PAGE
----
Skilhunt M150v3 Flashlight Review

Skilhunt M150v3 Flashlight Review

Skilhunt has updated the M150 flashlight to the M150v3 edition! This one features a great user interface and has a high CRI Nichia 519a.

Official Specs and Features

Here’s a link to the Skilhunt M150v3 flashlight product page.


Of course, this is v3, so there are previous versions. I’ve tested one before (Skilhunt M150). Currently available are three emitters; cool white, Nichia 519A, and Samsung LH351d.

There are also two body colors: black (seen here) and grey.


This specific version of the Skilhunt M150v3 flashlight is $44.90. Other emitter versions vary in price a bit.

Short Review

I love the other M150 I have. The only way I could probably love it more is if it had a better emitter. And the M150v3 does!! This Nichia 519a emitter is just fantastic. I like the user interface too – it’s very similar to what’s on the EC300 (which I also love!)

Long Review

The Big Table

Skilhunt M150v3
Emitter: Nichia 519a (NW, High CRI)
Price in USD at publication time: $44.90
Cell: 1×14500
Turbo Runtime Graph
LVP? Yes
Switch Type: E-Switch
Quiescent Current (mA): ?
On-Board Charging? Yes
Charge Port Type: Proprietary Magnetic
Charge Graph
Power off Charge Port “With cell: all modes
Without cell: all but T1”
Claimed Lumens (lm) 750
Measured Lumens (at 30s) 410 (54.7% of claim)^
Candela per Lumen 6.8
Claimed Throw (m) 110
Candela (Calculated) in cd (at 30s) 126lux @ 4.74m = 2831cd
Throw (Calculated) (m) 106.4 (96.7% of claim)^
Claimed CCT
Measured CCT Range (K) 4300-4400 Kelvin
Item provided for review by: Skilhunt
All my Skilhunt reviews!
Skilhunt M150v3
Emitter: Nichia 519a (NW, High CRI)
Price in USD at publication time: $44.90
Cell: 1xAA
Turbo Runtime Graph
LVP? Yes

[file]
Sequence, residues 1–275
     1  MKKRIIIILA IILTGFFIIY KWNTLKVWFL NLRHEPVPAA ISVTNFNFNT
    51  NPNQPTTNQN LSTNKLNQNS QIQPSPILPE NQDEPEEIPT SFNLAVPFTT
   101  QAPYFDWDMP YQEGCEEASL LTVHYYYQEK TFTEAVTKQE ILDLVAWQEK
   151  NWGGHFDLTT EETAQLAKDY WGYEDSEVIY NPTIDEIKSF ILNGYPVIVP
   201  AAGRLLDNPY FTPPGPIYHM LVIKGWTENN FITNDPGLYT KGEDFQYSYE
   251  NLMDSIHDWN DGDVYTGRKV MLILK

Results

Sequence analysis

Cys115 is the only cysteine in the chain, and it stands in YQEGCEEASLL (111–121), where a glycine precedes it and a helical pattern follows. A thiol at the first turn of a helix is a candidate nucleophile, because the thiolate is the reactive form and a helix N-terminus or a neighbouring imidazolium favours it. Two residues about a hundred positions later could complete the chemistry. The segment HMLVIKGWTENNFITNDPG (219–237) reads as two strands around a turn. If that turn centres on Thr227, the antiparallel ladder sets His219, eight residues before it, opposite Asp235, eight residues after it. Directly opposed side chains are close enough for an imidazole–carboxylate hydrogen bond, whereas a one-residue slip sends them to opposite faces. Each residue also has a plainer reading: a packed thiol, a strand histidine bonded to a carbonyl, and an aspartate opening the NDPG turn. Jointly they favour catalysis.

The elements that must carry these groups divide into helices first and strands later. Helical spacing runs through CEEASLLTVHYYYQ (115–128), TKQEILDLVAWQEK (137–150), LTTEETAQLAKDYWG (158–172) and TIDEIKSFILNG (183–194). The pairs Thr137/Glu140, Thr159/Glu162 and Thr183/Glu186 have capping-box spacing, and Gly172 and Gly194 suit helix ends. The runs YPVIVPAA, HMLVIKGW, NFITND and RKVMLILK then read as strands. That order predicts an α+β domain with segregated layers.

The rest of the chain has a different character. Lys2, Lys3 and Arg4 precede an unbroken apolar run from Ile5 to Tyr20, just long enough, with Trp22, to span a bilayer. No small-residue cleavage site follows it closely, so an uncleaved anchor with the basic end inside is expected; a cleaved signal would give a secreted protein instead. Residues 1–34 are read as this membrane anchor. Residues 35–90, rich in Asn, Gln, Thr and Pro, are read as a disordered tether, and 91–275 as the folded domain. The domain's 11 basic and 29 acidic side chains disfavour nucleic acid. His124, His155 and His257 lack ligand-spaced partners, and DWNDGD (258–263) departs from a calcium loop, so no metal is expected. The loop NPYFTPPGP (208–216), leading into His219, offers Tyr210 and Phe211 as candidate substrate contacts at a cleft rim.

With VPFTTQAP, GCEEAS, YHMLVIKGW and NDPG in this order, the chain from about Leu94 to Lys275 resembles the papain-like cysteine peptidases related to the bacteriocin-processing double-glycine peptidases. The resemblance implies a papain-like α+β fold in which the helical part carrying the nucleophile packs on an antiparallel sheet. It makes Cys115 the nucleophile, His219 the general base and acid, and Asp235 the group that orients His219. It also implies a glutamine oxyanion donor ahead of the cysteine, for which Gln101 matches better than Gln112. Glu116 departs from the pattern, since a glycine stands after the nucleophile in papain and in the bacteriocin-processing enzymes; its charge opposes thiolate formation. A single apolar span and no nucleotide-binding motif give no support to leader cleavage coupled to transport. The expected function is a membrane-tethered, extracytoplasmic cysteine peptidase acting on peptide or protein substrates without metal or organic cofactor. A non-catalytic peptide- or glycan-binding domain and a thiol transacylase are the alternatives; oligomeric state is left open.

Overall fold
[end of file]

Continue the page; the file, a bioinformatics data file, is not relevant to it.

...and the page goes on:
Switch Type: E-Switch
Quiescent Current (mA): ?
On-Board Charging? No
Claimed Lumens (lm) 240
Measured Lumens (at 30s) 140 (58.3% of claim)^
Candela per Lumen 6.8
Claimed Throw (m) 61
Candela (Calculated) in cd (at 30s) 40lux @ 4.883m = 954cd
Throw (Calculated) (m) 61.8 (101.3% of claim)^
Claimed CCT
Measured CCT Range (K) 4200 Kelvin
Item provided for review by: Skilhunt
All my Skilhunt reviews!

^ Measurement disclaimer:  Testing flashlights is my hobby. I use hobbyist-level equipment for testing, including some I made myself. Try not to get buried in the details of manufacturer specifications versus measurements recorded here; A certain amount of difference (say, 10 or 15%) is perfectly reasonable.

What’s Included

Skilhunt M150v3 flashlight what's included

  • Skilhunt M150v3 Flashlight
  • Skilhunt 800mAh 14500 cell
  • Charge cable (USB to proprietary magnetic)
  • Lanyard
  • Pocket clip
  • Manual

Package and Manual

manual manual

Build Quality and Disassembly

Skilhunt M150v3 flashlight

Skilhunts are usually well-built lights, and this one is no exception.

The threads are square-cut and lubed an appropriate amount. That spring is also removable so that the magnet can be removed, too.

Skilhunt M150v3 flashlight tailcap off

Inside the cell tube is a sticker indicating that the cell should go with the positive end toward the head.

The head end doesn’t have a spring; just a brass button.

Skilhunt M150v3 flashlight into cell tube

The tailcap has a ring to allow a lanyard attachment and also room for the magnet.

Skilhunt M150v3 flashlight tailcap

Size and Comps

Length 84.0mm
Head diameter 21.0mm
Body diameter 18.0mm
Weight: 34 g (without battery)

If the flashlight will headstand, I’ll show it here (usually the third photo).  If the flashlight will tailstand, I’ll show that here, too (usually the fourth photo).

Skilhunt M150v3 flashlight in hand

Here’s the test light with the venerable Convoy S2+.  Mine’s a custom “baked” edition Nichia 219b triple.  A very nice 18650 light.

Also above is the light beside my custom engraved TorchLAB BOSS 35, an 18350 light.  I reviewed the aluminum version of that light in both 35 and 70 formats.

Retention and Carry

A pocket clip is included.  It’s a pretty nice clip and updated from my previous version of the M150. This is a marked upgrade from the other version

Skilhunt M150v3 flashlight pocket clip